In a recent interview, Liroff expressed outrage at the notion that he withheld evidence, intentionally or not. In fact, in response to problems of withheld evidence raised in the Mercury News series "Tainted Trials, Stolen Justice," Liroff helped organize a Santa Clara County Bar Association seminar devoted to the issue this fall.
Liroff says the defense's detailed questioning of Soto at trial and the fact that Soto referred to his notes as he testified are proof that the notes must have been turned over.
Gardner is convinced the evidence shows otherwise. There is no cover letter from Liroff to document whether he did provide the notes. And Morales' subpoena shows that weeks before the trial, he was still seeking the notes.
Gardner thinks it is plausible that Liroff only had the report, without the notes, in his file, and sent the defense what he had. And even if Soto, in response to a subpoena, sent the notes to Morales, they may not have been passed along to Schwartz.
But under the Brady rule of disclosure, Liroff had a duty to track down any potentially helpful and material notes, whether they were in his file or the files of police, laboratories or other experts working for the prosecution. Liroff is confident he did so.
Even if the notes had made their way to Schwartz, Gardner said it is clear that Schwartz did not develop the evidence. If the prosecutor did not fail in his obligation, argues Gardner, then Pham's own attorney did.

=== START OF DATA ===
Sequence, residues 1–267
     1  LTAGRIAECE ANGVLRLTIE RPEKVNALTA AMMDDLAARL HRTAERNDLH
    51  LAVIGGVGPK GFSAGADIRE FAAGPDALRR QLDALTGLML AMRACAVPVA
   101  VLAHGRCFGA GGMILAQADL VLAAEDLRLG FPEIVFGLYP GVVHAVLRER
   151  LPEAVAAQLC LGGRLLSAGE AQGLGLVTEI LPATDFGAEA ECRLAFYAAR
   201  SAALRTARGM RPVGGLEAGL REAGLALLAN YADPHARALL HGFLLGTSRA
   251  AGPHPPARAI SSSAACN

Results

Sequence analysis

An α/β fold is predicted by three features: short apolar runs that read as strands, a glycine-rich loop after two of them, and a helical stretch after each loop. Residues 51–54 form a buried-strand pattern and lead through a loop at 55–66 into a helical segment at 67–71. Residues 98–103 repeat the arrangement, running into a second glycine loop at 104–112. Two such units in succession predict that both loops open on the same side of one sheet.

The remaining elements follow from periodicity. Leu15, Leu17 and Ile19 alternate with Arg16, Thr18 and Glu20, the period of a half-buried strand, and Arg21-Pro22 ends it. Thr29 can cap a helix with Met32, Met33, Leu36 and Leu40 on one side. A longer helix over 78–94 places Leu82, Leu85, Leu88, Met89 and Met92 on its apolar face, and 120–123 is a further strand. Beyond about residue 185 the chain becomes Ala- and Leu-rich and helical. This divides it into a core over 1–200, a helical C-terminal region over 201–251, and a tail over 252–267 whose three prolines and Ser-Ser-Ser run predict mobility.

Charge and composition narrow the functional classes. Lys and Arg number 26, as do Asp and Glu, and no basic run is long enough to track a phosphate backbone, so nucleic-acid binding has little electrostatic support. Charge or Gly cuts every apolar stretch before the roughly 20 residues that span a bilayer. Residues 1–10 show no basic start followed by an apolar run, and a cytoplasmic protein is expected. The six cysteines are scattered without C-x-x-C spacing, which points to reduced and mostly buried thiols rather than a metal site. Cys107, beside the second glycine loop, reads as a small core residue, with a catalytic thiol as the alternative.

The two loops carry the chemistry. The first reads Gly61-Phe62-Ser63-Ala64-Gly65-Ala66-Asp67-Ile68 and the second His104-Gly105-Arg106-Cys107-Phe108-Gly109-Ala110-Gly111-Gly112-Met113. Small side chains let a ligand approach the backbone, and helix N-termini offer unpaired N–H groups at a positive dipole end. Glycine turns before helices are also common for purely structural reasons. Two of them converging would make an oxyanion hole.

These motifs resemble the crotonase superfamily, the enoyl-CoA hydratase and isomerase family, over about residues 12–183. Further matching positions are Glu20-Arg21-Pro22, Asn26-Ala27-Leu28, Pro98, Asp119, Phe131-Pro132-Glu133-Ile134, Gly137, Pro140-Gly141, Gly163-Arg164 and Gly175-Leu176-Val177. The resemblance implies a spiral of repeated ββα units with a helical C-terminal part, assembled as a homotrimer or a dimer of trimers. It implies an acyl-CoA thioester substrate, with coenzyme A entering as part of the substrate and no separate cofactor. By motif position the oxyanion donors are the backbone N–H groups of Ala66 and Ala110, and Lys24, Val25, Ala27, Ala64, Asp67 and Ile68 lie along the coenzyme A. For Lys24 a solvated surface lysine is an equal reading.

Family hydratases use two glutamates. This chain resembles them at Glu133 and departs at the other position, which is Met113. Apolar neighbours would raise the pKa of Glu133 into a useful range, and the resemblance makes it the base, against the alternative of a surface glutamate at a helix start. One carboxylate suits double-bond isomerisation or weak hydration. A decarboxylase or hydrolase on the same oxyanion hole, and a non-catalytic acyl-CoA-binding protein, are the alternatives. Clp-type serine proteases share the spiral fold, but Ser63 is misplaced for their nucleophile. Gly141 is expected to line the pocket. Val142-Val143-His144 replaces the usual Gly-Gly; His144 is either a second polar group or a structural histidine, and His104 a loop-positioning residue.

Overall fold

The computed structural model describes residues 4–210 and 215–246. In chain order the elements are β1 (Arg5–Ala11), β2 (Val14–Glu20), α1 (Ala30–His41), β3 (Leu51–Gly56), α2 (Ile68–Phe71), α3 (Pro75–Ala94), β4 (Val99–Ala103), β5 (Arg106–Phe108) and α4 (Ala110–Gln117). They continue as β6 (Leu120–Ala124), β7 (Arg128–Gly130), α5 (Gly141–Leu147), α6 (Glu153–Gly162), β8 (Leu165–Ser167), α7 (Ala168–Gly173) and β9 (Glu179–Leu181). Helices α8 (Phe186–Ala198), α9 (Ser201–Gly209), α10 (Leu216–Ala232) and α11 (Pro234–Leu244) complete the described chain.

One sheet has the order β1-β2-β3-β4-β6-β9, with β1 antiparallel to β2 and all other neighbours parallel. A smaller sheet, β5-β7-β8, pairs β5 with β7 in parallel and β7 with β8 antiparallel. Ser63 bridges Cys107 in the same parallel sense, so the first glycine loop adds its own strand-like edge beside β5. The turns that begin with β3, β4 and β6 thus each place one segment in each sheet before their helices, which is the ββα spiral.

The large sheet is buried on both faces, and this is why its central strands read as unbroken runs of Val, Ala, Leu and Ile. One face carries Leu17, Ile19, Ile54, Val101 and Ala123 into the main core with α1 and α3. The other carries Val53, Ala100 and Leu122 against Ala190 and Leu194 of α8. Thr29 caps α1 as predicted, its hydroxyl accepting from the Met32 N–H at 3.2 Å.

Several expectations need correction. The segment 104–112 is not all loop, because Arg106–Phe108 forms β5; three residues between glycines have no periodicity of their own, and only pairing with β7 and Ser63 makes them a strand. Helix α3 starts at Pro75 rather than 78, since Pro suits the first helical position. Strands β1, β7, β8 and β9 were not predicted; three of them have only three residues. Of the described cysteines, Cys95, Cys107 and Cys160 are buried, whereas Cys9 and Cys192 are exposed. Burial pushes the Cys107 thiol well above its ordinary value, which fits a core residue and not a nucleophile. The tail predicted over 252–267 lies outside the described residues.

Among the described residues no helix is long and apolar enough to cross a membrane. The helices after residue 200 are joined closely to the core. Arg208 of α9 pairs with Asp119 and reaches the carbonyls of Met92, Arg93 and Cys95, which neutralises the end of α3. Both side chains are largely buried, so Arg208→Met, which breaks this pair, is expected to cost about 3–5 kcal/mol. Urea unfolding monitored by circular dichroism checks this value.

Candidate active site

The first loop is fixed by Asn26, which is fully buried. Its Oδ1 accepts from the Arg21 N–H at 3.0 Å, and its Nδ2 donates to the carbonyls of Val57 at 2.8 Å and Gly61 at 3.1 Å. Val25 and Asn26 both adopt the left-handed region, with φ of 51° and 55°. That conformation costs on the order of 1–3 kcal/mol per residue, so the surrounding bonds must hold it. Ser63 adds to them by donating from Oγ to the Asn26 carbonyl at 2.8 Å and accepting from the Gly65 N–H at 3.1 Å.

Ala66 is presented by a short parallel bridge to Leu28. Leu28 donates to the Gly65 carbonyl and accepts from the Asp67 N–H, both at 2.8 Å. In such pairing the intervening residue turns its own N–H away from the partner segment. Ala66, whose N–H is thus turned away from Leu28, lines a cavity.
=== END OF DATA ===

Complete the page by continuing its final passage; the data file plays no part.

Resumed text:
Shift to federal court
The state Supreme Court rejected Gardner's petition in February 2003. Gardner then turned to the federal courts, where the legal battle stretched on for years.
The state, represented by deputy attorney general Pruden, fought against turning over the notes. While conceding that the notes had been withheld from Pham before trial, Pruden maintained that because Gardner had not proven they contained material information that might help the defense, there was no duty to turn the notes over. Gardner, he argued, was on a fishing expedition.
Gardner argued that he was in a legal Catch-22: He was expected to show that material he had never seen would help his case.
After more than two years, the 9th Circuit U.S. Court of Appeals in March 2005 reversed U.S. District Judge Phyllis Hamilton and sent the case back for her to order that the notes be turned over to Gardner.
Once he got them, Gardner turned to a forensic scientist, who discovered that Soto had only tested 59 percent of the samples taken from Hoang and Giang. Gardner wanted to retest the complete sample and bolstered his request with the results of a lie detector test, which Pham had taken and passed.
Over Pruden's objections, Judge Hamilton last July ordered the state to turn over the remaining sample. The re-testing produced a dramatic result: More than 10 years after the murder of Tong Nguyen, Gardner learned that - contrary to what jurors were told at Pham's trial - gunshot residue was present on both Hoang and his companion.
This month, the state notified Gardner that its own testing confirmed the new result. Still, in his upcoming response to Gardner's motion to overturn Pham's conviction, state attorney Pruden has no intention of conceding that Pham was wrongly convicted.
In an interview, Pruden said he recently reread Soto's testimony and now shares Liroff's view that the defense had the notes before trial. Furthermore, both Pruden and Liroff contend that scientific studies now cast doubt on the significance of gunshot residue testing.
Liroff said that the fact that Hoang's hand was not sampled until he arrived at the police station, hours after the murder, raises concerns that the sample could have been contaminated while Hoang was sitting in a police car or at the station. It is, he said, "a very imprecise science."